In part two of his exploration of a British constitutional convention, Titus Alexander from Democracy Matters looks at how a constitutional convention might work in practice. He begins by looking at how a convention could be created with broad public support, and then outlines what it might include.
Despite the general election not resulting in the hung parliament many predicted, a constitutional convention is still incredibly important. With an EU referendum on the cards, and a renewed mandate for the SNP, a constitutional convention could be a way to solve many of Britain’s political problems.
A convention should involve people at a local level in a national debate about creating a constitution that works for all, using new technologies and new forms of outreach and deliberation. This means a properly resourced process.
I suggest three stages:
- An informed public debate over at least six months, with the emphasis on education and engagement about the current constitution and the purposes of a convention: why do we need it? What are its aims? And who would it consist of? The debate would lead to terms of reference and organisation agreed by parliament.
- Formation of a convention and public deliberations over 12 to 18 months, leading to recommendations to parliament.
- A public debate over four to six months and a referendum on the result.
The LSC’s crowd sourcing approach could play a role, with active facilitation to involve thousands of people, as well as town meetings and outreach to the six million or so people not registered to vote.
However it is done, it needs a clear time table and terms of reference, so that the process is long enough to engage people, but not so long that it gets lost.
A short document along the lines of the summary paper on the UK Constitution by the Political and Constitutional Reform Committee is a good starting point, but it needs more options, as developed by the LSE’s Constitution UK project.
Michael Gove – The man now tasked with any constitutional changes?
Options for a modern British constitution
A modern constitution should include institutions fundamental to our way of life, such as:
- The national health service, which has its own constitution, unknown to most people;
- The BBC and its six principles;
- Schools as foundations of a learning democracy;
- Independence of universities as places of learning;
- The security services and their accountability to Parliament
- Independence of the Bank of England and the role of monetary policy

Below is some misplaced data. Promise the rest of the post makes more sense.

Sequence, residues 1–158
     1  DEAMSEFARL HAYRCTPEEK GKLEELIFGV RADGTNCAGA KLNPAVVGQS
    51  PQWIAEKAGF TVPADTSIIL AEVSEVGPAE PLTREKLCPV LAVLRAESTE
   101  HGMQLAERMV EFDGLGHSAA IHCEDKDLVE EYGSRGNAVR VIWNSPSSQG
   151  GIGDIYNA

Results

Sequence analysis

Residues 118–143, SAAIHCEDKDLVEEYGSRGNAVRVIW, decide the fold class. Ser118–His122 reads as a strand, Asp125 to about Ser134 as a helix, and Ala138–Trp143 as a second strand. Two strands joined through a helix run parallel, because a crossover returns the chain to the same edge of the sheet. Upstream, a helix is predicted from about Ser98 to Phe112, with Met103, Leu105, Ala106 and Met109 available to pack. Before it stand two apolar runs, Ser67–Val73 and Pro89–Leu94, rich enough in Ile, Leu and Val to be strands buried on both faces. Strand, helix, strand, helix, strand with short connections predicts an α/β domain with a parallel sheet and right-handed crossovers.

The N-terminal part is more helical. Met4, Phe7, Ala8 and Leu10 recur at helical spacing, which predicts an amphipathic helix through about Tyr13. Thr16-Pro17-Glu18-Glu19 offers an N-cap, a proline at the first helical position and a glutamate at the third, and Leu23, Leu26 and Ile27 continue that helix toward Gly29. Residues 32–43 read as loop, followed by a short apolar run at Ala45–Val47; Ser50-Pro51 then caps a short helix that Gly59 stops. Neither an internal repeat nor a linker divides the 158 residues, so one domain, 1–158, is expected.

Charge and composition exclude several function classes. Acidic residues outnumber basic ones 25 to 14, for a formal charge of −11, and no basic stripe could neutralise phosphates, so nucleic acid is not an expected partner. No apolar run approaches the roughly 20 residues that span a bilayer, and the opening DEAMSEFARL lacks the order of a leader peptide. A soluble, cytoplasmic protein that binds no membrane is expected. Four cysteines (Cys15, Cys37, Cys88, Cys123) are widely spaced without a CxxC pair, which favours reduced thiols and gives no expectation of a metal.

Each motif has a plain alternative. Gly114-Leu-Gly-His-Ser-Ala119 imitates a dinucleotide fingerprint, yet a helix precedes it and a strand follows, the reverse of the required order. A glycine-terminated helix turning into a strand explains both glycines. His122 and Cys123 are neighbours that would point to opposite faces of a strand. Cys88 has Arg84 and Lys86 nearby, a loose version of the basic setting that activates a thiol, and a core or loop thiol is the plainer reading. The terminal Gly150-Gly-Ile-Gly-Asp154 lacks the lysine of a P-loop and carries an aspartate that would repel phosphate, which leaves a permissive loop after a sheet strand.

It should include principles of national life such as:
- Social solidarity and insurance
- Equality, based on the Equalities and Human Rights Acts
- Environmental security and commitments under the Climate Change Act
- Mediation, restorative justice and rehabilitation
- Learning for democracy: every citizens should be able to understand how the system works and how to take part
- Net neutrality: the internet as a public utility open to all
It should also take account of Britain’s role in the world and interdependence of humanity, including institutions of global governance, their purpose and accountability.
It should consider new constitutional forms which recognise inter-dependence and self-government of countries and regions across the UK, with a new definition of sovereignty which recognises that every nation pools sovereignty to be stronger and protect the rights and freedoms of people within a complex, interconnected world. These options might include:
- Devolved government of nations and regions
- A Federal constitution
- A ‘council of the isles’ including the Republic of Ireland and a new relationship with Scotland, Wales, Northern Ireland and regions
- Independence for Scotland outside the United Kingdom
Finally, with the world changing so fast we need a Futures Council to take a long view, without direct political involvement. Members of the council would have long experience and insight in a wide range of disciplines, but it could also include young people, perhaps from the Youth Parliament. It would be appointed through an open public process, to which anyone could apply or nominate someone. Two examples of bodies like this are:
- The World Future Council of 50 eminent global change-makers from governments, parliaments, civil society, academia, the arts and business
2. The Elders, an independent group of global leaders brought together in 2007 by Nelson Mandela and chaired by Kofi Annan
Titus Alexander is the Convener of Democracy Matters, an informal network of over 30 organisations promoting political education. Titus has a long history working in political education and citizenship, and as a result was asked to join the Crick Centre as an Associate Fellow. He can be followed on Twitter at @
Note: this article gives the views of the author, and not the position of the Crick Centre, or the Understanding Politics blog series. To write for the Understanding Politics blog, email our editor Nicholas Try at firstname.lastname@example.org